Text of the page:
- Developers Face Gst Questions -

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7th October 2008, 01:19pm - Views: 635

Developers face GST questions
Property downturn delays sales

Sydney, 7 October 2008: Property developers who lease completed properties rather than sell them in a soft property market will be required to repay goods and services tax (GST) previously claimed as a tax credit, according to GMK Centric Taxation Director, Eugene Berkovic.

A recent Interpretative Decision from the Australian Taxation Office makes clear that where a property developer with the intention of selling subsequently leases the new residential premises, the developer may need to repay GST credits.

"This deals with the situation where a property developer builds a property to be sold soon after completion, but due to a downturn in the property market or other circumstances, decides to rent out the property, whilst maintaining it for sale to the public. Given the current state of property markets, this is becoming a more common issue," said Mr Berkovic.

"Generally speaking, during the construction of the premises, developers would claim back input credits on construction costs. If the developer then retains the property for rental purposes, they would be required to repay the GST previously claimed as an input credit," he said.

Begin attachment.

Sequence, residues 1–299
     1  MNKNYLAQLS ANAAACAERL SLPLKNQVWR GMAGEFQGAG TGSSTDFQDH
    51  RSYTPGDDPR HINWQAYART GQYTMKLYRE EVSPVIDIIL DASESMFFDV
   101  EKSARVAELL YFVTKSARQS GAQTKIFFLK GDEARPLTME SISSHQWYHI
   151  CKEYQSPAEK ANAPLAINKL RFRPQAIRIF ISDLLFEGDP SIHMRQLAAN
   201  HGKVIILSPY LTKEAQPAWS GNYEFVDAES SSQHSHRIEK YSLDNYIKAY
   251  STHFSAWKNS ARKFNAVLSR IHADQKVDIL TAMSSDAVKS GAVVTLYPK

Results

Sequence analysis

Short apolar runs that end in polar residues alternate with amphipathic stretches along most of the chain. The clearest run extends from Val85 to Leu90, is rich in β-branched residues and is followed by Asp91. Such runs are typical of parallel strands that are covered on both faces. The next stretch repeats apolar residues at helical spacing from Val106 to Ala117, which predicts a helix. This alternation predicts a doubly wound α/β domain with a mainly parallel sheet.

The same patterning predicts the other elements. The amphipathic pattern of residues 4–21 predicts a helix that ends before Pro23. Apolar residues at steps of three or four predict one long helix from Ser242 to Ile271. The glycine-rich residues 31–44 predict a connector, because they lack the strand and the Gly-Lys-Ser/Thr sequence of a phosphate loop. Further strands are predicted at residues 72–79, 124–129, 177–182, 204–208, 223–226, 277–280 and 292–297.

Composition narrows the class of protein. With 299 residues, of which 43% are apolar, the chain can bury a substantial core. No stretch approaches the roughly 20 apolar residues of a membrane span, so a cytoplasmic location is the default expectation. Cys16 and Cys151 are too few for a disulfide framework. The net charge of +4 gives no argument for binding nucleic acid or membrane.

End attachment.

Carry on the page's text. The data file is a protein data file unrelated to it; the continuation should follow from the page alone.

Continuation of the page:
GST is charged on the sale of new homes - meaning new homebuyers need to pay the tax. As such, input tax credits may be claimed by developers who have paid GST on construction expenses.

In contrast, GST is not charged on residential rents and leases of new residential premises are input taxed. Accordingly, if the developer was always going to hold the developed properties for rental purposes, input tax credits could not be claimed by developers on construction costs.

"However, so long as the property is still being actively marketed for sale, there is no requirement to repay all of the GST, although some apportionment is required," he said.

"The issue, therefore, is what constitutes 'actively marketed for sale'. The Commissioner of Taxation says this will include activities such as listing the property for sale, advertising and arranging open for inspection times. Property developers should keep this in mind, when faced in this situation, as it may affect their business opportunities," said Mr Berkovic.

"The Interpretative Decision states there must be a reasonable apportionment of the extent to which the input credits relate to the creditable purpose of selling the premises. One possible method divides the expected consideration upon sale over the total consideration received for sale and rent," he said.

For further information, please see attached media release.
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